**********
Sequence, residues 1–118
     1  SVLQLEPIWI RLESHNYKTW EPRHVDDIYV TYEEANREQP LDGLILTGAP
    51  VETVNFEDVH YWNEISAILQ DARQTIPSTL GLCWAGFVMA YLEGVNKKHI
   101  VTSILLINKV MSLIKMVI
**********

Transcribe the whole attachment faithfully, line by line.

Sequence, residues 1–118
     1  SVLQLEPIWI RLESHNYKTW EPRHVDDIYV TYEEANREQP LDGLILTGAP
    51  VETVNFEDVH YWNEISAILQ DARQTIPSTL GLCWAGFVMA YLEGVNKKHI
   101  VTSILLINKV MSLIKMVI